And if not, I’ll at least be better prepared to live my best life regardless of the world around me. Let it all fall into chaos: then I shall still stand tall and true.
If I were Alice, I’d have exhausted my share of Drink Me’s and Eat Me’s with all the time life has made me feel bigger or smaller than I am. It’s a part of growing up (thinking you’re bigger than the world, to learn you’re not) and becoming an adult (thinking you’re too small for survival, to learn you’re not so small at all), but if I’ve got one thing on Alice, it’s all the Read Me’s piled up around me house.
On my nightstand. My coffee table. My kitchen table. The bookshelves. The floor.
Books abound, beneath my TV, beside my couch. It’s a glorious feeling.
Except all that Read Me is getting a bit too much to swallow. Would it be too apt a metaphor to say I’ve got the words stuck in my throat, sentences strung around my molars and tethered to my tongue?
It’s no surprise, dear reader, that I’m a busy man: not only am I plowing through my first year of teaching (and all the lesson-planning, classroom-managing, relationship-building chaos that comes with that) I’m also attempting to balance being a grad student and still having something of a personal life (filled with a new relationship and lots of Pokemon).
It’s more than I can say in one breath, that’s for sure.
So comes NaNoWriMo. That one month a year I’ve pledged to the author inside to make writing my number one priority. Except lately I can’t even write for my blog.
So it’s been a month since I wrote last. And it’s been a week since I got home from Teach for America’s summer training, called Institute: a non-stop five weeks full of professional development (of questionable efficacy), lesson planning and execution, and getting to know my first class of students. It was intense. I’m still recovering.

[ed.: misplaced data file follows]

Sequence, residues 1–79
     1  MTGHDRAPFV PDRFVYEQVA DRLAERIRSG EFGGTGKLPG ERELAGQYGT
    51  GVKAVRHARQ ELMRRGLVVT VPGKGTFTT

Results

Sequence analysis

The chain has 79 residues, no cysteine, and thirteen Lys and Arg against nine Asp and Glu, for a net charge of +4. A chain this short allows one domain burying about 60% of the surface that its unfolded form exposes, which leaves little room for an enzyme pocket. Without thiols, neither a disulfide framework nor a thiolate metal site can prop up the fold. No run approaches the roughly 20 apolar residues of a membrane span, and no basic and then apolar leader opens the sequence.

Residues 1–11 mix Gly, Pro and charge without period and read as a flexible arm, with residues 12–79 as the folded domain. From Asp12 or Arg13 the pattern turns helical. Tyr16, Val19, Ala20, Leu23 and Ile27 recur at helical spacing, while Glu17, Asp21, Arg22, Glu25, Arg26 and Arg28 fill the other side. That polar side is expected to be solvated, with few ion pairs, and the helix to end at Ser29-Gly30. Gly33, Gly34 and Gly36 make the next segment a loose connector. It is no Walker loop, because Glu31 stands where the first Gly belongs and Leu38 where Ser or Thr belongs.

Which means I’m still processing everything I learned and everything I experienced: It was information overload to its finest, and now that I’m “back in reality,” in addition to making sense of everything, the confusion is compounded by the quest to secure housing in Milwaukee, planning my move in two weeks, and arranging visits with my friends in North Carolina before I leave. It’s been incredibly overwhelming.
I intend–and we know what we say about intentions–to share my thoughts on Institute more fully at a later time (after I’ve considered more deeply what I’m willing to share, and what’s in my best interest to keep private), and with all the uncertainty in my life right now, it’s difficult to articulate any amount of profundity on current events.
So to write something, I’m writing a post on words–in particular, the words I’m reading.
The five books I’m presently reading–and what the rest of this post is about.
I have a confession to make: I didn’t study for my algebraic topology midterm because I couldn’t stop playing Pokemon.
The truth is, for the last eighteen years (and I’m turning 27, so that’s two-thirds of my life), Pokemon has been one of the few constants from year to year: Pokemon was there when I played with my friends in Hebrew school; Pokemon was there when my parents my separated and I went back and forth between my parents houses while my mom was at school; and Pokemon was there when I began college myself and needed something, or anything, to pass the time when I wasn’t studying.
And Pokemon was also there when I should’ve been studying last week. In fact, Pokemon–in its many iterations–has been keeping me from homework for a long time.